She argues men should want the same things women have been advocating for – more family time, less travel and more skill development. Many men are struggling with the same push-and-pull stresses women face, but are perhaps too afraid to ask for help. Senior executives moan about their talent recruitment concerns, but too often fail to change the situation for women, comfortably hiring candidates who look just like them, she says, while bragging how inclusive their recruitment practices are.

“I can tell you from personal experience, no gender equity issue will ever be resolved without a bold (and I mean shout it from the rooftops) top-down initiative supported directly by the CEO and the board,” Ms. Freeborn writes.

Now board chair of Smash+Tess, a fashion brand she co-founded with her daughter in 2014, she implores other senior executives to be a hero, not a villain. Commit to gender diversity, if not parity, for 12 months. “Watch how much better your business starts to become. Watch how much happier and more productive your employees are. Watch as your bottom line begins to increase. Only then will you truly get it,” she writes.

More widely, she suggests men turn to the women on their team and ask what frustrates them about your organization and what progress would look like to them? What do they need? What is lacking? Perhaps it’s a champion or a sponsor or a formal mentorship program – or a clear path to promotion.

“Be assured, they will have recommendations and opinions. What they most frequently do not have is access to someone with power willing to listen and help introduce change. When, if ever, was the last time you actually reached out to the women in your organization to ask them that simple question?” she asks.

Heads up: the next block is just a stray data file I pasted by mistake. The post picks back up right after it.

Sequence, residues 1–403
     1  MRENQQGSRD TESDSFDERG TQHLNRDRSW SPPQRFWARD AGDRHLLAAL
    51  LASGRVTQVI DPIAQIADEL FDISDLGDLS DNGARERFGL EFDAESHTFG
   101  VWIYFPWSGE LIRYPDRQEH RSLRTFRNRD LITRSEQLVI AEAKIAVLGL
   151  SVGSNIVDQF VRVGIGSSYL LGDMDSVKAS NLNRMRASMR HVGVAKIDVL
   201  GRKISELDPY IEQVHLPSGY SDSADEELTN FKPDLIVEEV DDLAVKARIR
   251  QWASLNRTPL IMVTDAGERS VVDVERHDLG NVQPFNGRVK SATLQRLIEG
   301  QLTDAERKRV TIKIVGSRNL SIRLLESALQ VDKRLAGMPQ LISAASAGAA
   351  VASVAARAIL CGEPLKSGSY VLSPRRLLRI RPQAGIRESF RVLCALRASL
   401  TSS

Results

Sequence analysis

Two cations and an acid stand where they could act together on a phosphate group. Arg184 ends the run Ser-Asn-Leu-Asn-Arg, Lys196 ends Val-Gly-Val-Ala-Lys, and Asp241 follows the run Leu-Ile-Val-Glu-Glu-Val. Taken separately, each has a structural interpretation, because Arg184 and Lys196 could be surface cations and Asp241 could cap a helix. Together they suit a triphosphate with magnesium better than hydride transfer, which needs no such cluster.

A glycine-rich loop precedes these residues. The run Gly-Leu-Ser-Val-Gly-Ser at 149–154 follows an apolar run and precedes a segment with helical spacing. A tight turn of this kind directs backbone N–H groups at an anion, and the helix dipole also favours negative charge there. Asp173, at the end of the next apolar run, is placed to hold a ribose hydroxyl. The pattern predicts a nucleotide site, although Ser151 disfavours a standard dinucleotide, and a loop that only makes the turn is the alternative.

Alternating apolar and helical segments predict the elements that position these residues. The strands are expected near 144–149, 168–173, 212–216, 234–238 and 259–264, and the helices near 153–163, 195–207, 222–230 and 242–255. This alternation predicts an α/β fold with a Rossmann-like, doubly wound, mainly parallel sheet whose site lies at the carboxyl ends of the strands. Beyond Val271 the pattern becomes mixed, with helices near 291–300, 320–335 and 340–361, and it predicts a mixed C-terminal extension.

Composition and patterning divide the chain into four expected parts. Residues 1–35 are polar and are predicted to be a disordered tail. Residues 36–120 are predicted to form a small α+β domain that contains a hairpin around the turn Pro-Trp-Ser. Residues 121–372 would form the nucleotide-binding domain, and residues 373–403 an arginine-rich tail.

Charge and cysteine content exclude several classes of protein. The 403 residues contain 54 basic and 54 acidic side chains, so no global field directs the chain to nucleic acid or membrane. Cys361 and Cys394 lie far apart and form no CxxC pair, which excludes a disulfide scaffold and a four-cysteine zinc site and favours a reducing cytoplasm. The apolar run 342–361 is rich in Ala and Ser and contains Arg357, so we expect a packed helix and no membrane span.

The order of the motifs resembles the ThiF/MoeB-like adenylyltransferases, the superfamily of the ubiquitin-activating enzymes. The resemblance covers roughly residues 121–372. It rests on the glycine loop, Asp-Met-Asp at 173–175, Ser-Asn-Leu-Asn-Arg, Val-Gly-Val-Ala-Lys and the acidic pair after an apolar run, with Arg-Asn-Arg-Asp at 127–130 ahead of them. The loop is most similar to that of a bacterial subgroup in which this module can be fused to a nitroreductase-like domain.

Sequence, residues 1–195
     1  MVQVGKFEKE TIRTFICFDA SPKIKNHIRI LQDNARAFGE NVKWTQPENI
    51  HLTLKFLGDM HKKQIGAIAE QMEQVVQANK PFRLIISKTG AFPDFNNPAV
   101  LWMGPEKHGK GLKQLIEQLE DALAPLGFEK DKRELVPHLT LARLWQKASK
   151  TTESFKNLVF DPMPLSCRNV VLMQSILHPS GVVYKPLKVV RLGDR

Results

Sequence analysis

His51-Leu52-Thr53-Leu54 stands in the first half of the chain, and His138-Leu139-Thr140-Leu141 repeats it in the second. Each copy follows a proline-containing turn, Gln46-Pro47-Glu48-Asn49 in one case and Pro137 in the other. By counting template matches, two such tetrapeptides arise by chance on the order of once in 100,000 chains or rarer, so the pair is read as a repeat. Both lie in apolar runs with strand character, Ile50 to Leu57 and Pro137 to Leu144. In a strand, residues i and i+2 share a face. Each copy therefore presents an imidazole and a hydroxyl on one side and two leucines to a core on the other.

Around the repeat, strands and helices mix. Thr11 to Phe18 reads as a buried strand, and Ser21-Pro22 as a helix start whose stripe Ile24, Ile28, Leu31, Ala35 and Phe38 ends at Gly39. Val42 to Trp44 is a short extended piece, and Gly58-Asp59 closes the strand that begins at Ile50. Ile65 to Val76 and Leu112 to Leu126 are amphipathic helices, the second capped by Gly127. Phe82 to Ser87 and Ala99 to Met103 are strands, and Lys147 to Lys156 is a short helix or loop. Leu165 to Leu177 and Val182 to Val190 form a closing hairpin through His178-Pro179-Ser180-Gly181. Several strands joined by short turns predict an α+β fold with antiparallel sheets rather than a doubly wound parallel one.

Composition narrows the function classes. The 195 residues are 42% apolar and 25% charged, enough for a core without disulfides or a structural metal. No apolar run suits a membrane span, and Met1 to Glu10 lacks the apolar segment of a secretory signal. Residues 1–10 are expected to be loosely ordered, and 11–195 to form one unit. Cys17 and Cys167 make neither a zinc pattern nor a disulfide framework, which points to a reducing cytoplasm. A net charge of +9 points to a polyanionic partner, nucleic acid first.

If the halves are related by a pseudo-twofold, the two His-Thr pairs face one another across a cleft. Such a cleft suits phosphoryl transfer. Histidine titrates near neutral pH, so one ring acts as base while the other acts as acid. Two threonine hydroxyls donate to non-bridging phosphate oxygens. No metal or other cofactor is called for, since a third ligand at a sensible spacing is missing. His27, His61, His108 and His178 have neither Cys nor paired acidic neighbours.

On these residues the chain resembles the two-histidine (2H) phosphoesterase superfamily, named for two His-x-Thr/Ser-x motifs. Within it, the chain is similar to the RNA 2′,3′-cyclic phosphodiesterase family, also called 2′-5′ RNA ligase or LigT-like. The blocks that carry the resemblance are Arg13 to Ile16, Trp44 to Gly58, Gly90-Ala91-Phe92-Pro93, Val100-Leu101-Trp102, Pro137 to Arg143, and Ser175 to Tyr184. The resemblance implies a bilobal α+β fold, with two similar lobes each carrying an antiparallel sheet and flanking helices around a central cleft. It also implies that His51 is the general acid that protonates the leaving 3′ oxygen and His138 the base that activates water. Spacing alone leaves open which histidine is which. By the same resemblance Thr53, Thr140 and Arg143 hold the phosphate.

Suits versus skirts. That seems harsh and counterproductive at a time when we seek workplace harmony and want to calm the gender wars. The language around gender equality is often timid and nuanced. But she has been watching over the years in Canada and the United States as she climbed the ranks and is anything but timid. Her bottom line: “Dude, you are stepping on my skirt.”


  • The Tallest Poppy study, looking at how people are attacked for success, found 83 per cent of the Canadian women surveyed felt their achievements were undermined by others at work. Men and women were equally to blame. Nearly 44 per cent said friends had cut them down.
  • Leadership guru Tom Peters says we need to replace the notion of “best companies to work for” with “healthiest companies to work for.” They foster radical employee growth and exceptional engagement within their communities; offer products and services aimed at making the world a bit better; and are demonstrable paragons of integrity.
  • Good thinking is expensive but bad thinking costs a fortune, notes Farnam Street blogger Shane Parrish. One way to force yourself to think is to write because good writing requires good thinking.

Harvey Schachter is a Kingston-based writer specializing in management issues. He, along with Sheelagh Whittaker, former CEO of both EDS Canada and Cancom, are the authors of When Harvey Didn’t Meet Sheelagh: Emails on Leadership.